- a wide, usually tree-lined road, path, driveway, etc., through grounds to a country house or monumental building.
- a suburban, usually tree-lined residential street.
Origin of avenue
Synonyms for avenue
Examples from the Web for avenue
Contemporary Examples of avenue
And the bells chimed for victory at 1211 Avenue of the Americas.Why I’m for the War on Christmas
December 23, 2014
The marchers began to stream out of the park, where they walked West on 110th and then hung a right on 7th Avenue.Justice League Vigil for Slain NYPD Officers Asks Whose Life Matters
December 22, 2014
Metamorphosis is running at Lincoln Center, 63rd Street and 9th Avenue, until January 11, 2015.How the Circus Got a Social Conscience
November 7, 2014
I witnessed that tragedy a few blocks from where it occurred, standing motionless at 8th Street and 6th Avenue in lower Manhattan.13 Years After 9/11, Anti-Muslim Bigotry Is Worse Than Ever
September 11, 2014
James Ferguson, 29, a design student and paralegal, who lives on 89th and 1st Avenue, is among them.Why the Upper East Side Is Now Cooler Than Brooklyn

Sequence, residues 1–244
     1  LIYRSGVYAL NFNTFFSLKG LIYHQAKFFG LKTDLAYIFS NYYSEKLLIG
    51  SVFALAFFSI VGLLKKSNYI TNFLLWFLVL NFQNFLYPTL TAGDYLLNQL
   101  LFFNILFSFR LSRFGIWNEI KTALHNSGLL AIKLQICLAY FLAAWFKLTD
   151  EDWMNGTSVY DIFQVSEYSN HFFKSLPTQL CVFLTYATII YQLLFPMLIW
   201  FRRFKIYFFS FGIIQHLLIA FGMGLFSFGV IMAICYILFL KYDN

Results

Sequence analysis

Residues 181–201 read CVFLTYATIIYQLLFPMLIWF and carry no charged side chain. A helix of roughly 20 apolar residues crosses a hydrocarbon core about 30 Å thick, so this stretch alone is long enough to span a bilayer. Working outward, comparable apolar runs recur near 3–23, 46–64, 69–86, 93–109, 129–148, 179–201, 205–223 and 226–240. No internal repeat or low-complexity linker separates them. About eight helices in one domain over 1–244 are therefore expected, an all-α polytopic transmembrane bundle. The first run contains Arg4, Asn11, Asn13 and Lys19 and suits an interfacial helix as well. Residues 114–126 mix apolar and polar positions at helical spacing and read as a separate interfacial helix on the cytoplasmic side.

September 2, 2014
Historical Examples of avenue
I cannot decide which way to turn to reach Fifth Avenue again.Ester Ried Yet Speaking
Quite suddenly Sidney knew who the girl at 213 —— Avenue was.
Three months before, the Avenue would have meant nothing to Sidney.
On her first night on duty, a girl had been brought in from the Avenue.
Ask your future husband if he knows a girl at 213 —— Avenue.
- a broad street, often lined with trees
- (capital as part of a street name)a road, esp in a built-up areaShaftesbury Avenue
Word Origin for avenue
c.1600, "a way of approach" (originally a military word), from Middle French avenue "way of access," from Old French avenue "act of approaching, arrival," noun use of fem. of avenu, past participle of avenir "to come to, arrive," from Latin advenire "to come to," from ad- "to" (see ad-) + venire "to come" (see venue). Meaning shifted to "a way of approach to a country-house," usually bordered by trees, hence, "a broad, tree-lined roadway" (1650s), then to "wide, main street" (by 1846, especially in U.S.).